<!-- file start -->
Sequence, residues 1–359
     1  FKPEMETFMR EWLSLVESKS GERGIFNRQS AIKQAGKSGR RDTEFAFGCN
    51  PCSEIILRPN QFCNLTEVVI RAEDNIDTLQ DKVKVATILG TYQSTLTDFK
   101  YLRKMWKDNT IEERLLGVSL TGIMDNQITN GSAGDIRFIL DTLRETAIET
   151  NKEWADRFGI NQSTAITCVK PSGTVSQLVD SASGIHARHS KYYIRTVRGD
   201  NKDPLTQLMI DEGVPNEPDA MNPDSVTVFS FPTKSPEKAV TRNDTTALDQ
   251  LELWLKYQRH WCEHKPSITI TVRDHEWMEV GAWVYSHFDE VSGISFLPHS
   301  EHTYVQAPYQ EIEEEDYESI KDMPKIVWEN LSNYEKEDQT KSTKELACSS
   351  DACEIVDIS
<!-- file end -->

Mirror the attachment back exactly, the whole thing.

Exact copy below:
Sequence, residues 1–359
     1  FKPEMETFMR EWLSLVESKS GERGIFNRQS AIKQAGKSGR RDTEFAFGCN
    51  PCSEIILRPN QFCNLTEVVI RAEDNIDTLQ DKVKVATILG TYQSTLTDFK
   101  YLRKMWKDNT IEERLLGVSL TGIMDNQITN GSAGDIRFIL DTLRETAIET
   151  NKEWADRFGI NQSTAITCVK PSGTVSQLVD SASGIHARHS KYYIRTVRGD
   201  NKDPLTQLMI DEGVPNEPDA MNPDSVTVFS FPTKSPEKAV TRNDTTALDQ
   251  LELWLKYQRH WCEHKPSITI TVRDHEWMEV GAWVYSHFDE VSGISFLPHS
   301  EHTYVQAPYQ EIEEEDYESI KDMPKIVWEN LSNYEKEDQT KSTKELACSS
   351  DACEIVDIS